Times are Changing in TV, and So Should You

Tim Tialdo January 10, 2013 0

Times are Chaning in TV Hosting


I recently finished a book called “The Start up of You” by Reid Hoffman, the founder of LinkedIn. It was a phenomenal read and it really got me thinking about things in a way I hadn’t been previously.

It’s Time to Take a Risk

Working in TV, especially in today’s media environment can be a cold and dark journey if you decide to go it alone. As a “freelancer,” we are all entrepreneurs in our own ways. We take the talents we have developed on camera and figure out how to weave those into areas and jobs in which we can be paid for them. This requires a bit of creativity, but it also requires a bit of risk taking.

We are all risk takers. But we’re not all equally smart about how we do it. Many people think you get career stability by minimizing risk. For instance, early in my career, I took a job in TV news to get a “steady” paycheck and some on-air experience. But ironically, in a changing world, that’s one of the riskiest things you can do. Other people think acknowledging downside possibilities are a sign of weakness: “Failure is not an option!” may be a great movie line, but it’s not good when formulating a strategy. Rather than avoiding risk, if you take intelligent risks, it will give you a competitive edge.

So for those of you who are pursuing a TV hosting “Career,” understand that every day this business is changing and those of you who are willing to step out and take a risk are going to succeed. Yes you may fall flat on your face a few times, but you’ll eventually find the one thing that does work for you.

The Risks of Netflix and Dell

Reed Hastings of Netflix is a great risk taker. As we’ve seen, some of his risks have not panned out in his favor, but I love how he approaches it. He says, “If you are not genuinely pained by the risk involved in your strategic choices, it’s not much of a strategy.”

Michael Dell is another risk taker. He dropped out of the University of Texas to start Dell Computer. But it wasn’t a sure thing at the time, so he managed the risk by hedging his bets. Instead of dropping out for good, he applied for a formal leave of absence so that if the company tanked, he could return to school with no problems.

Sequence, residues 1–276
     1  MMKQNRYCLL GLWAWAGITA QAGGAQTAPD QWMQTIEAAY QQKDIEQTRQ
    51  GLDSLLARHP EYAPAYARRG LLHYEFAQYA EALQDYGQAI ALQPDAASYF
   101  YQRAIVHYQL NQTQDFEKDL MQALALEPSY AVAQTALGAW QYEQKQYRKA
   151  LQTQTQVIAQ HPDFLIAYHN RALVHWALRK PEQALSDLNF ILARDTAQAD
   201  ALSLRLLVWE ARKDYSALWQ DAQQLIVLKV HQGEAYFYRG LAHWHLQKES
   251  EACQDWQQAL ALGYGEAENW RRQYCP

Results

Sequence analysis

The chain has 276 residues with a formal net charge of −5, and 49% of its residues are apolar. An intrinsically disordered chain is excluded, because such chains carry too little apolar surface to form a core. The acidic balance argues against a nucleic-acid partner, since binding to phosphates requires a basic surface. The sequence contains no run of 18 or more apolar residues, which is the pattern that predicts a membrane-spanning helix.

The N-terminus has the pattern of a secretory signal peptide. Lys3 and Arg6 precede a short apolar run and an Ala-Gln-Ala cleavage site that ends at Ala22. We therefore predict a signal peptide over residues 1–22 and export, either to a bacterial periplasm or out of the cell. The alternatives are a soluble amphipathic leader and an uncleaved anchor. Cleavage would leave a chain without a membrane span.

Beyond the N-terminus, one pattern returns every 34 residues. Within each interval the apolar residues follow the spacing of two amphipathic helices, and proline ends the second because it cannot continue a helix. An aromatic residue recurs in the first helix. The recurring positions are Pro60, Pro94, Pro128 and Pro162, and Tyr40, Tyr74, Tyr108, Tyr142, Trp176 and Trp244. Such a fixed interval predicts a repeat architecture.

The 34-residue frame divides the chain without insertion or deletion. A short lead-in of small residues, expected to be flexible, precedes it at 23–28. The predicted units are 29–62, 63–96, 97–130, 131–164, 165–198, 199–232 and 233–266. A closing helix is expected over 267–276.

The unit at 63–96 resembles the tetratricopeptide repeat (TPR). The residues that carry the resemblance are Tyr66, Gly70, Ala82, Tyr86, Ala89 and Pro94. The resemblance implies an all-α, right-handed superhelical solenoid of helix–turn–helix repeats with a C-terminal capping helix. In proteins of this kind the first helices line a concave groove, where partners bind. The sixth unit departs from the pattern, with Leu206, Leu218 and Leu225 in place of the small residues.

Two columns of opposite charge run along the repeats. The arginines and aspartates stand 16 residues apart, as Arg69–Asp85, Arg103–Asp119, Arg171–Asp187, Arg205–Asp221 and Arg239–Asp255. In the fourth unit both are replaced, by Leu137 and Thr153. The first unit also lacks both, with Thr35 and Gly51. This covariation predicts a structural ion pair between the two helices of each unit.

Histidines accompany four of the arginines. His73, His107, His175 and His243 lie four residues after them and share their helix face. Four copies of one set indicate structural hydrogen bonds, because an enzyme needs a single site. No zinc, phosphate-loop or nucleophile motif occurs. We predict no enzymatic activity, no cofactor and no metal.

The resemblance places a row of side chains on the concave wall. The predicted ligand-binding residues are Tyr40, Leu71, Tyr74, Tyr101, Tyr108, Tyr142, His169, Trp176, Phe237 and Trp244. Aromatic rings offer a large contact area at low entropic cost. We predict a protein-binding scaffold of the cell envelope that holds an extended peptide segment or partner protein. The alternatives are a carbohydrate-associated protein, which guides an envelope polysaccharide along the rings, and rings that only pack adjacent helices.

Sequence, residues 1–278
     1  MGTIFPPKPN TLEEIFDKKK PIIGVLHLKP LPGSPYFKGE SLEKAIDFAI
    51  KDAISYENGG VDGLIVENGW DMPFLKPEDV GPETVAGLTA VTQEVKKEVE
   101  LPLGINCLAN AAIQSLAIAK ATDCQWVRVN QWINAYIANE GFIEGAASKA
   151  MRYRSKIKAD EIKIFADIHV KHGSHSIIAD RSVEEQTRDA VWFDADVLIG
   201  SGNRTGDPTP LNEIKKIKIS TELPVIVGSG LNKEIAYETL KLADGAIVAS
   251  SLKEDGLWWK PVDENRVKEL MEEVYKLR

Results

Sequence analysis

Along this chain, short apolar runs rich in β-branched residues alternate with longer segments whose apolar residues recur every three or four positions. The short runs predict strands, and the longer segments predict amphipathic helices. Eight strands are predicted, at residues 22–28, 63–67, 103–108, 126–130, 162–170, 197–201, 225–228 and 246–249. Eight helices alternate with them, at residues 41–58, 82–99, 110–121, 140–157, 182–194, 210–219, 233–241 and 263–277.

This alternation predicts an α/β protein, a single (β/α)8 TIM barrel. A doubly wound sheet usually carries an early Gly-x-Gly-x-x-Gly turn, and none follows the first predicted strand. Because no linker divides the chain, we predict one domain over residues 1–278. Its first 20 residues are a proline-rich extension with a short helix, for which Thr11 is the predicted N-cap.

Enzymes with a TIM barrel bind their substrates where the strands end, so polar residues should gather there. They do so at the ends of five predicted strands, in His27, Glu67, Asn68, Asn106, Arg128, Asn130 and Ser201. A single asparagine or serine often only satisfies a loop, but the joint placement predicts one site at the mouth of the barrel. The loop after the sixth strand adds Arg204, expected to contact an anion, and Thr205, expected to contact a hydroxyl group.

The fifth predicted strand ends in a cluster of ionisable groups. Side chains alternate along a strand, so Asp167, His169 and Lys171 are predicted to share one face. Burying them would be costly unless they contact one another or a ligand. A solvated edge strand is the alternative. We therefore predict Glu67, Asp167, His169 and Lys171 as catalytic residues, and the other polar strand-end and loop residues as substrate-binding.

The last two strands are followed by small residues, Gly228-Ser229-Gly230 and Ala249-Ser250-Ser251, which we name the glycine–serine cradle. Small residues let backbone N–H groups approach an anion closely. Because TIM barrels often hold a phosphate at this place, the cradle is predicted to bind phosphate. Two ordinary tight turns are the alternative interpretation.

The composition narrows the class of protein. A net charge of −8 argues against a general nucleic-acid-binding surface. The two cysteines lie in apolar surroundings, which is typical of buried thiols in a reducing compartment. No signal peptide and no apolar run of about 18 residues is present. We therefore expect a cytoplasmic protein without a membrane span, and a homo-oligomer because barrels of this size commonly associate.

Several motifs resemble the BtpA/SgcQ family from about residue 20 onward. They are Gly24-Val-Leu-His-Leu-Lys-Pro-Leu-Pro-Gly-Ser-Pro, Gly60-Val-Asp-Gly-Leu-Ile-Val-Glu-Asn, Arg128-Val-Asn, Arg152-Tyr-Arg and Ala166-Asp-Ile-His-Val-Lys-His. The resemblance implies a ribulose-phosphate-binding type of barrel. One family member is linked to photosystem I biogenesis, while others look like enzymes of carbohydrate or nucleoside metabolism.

Now there are some “cowboy” entrepreneurs that are irrational risk takers: people who are willing to bet the farm in pursuit of some crazy dream. But what sets the great entrepreneurs apart from the pack is not necessarily a high tolerance for risk, but their ability to manage it well. They strategically pursue only those opportunities with enough upside to justify the possible downside.

Don’t avoid risk, embrace it!

When it’s not clear how something will play out, many people avoid it altogether. But the biggest and best opportunities frequently are the ones with the most question marks. Don’t let uncertainty con you into overestimating the risk.

As an example, I left TV news in 2006 to pursue my TV hosting career. It has been hell at times and frankly, pretty scary. But in the last 7 years, I have learned more about myself and about so many other areas of TV, marketing, sales, production that I wouldn’t have had if I didn’t take that risk. Honestly, I’ve probably got 3 times the education in that time than I did in college and high school.

Warren Buffet has a mantra: “Be fearful when others are greedy and greedy when others are fearful.” It’s a competitive edge for him. During the 2008 financial crisis, Buffet bought U.S. stocks cheap when most Americans were scared and selling. You make money in the stock market when you believe something others do not. You buy a stock because you believe its price will be higher in the future than it is today.

To be right about risk taking means you don’t just jump at the obvious high-risk, high-reward opportunities. Rather you pursue opportunities that have a lower risk than you peers think, but which are still high regard.

This is strictly my opinion, but my big belief right now is that TV as we know it will die, and the power brokers of Hollywood are holding on to a model and system that is dying fast and frankly, they aren’t prepared for it. By 2015, you’re going to see an entirely different way of the media world, that includes how you and I get ourselves in front of an audience as TV hosts.

Don’t get “lucky,” get “risky”

My advice to you is this: Don’t be afraid to try and learn new things. In fact you’ better be trying and learning new things or you’ll be left high and dry wondering what happened. Now is the time to change your thinking about TV and hosting. You still can do it, it’s just a matter of HOW you will do it.

The best ways to ensure that “lucky” things happen is to make sure lots of things happen.” Make things happen, and in the long run, you’ll design your own dream, and make your own opportunities.

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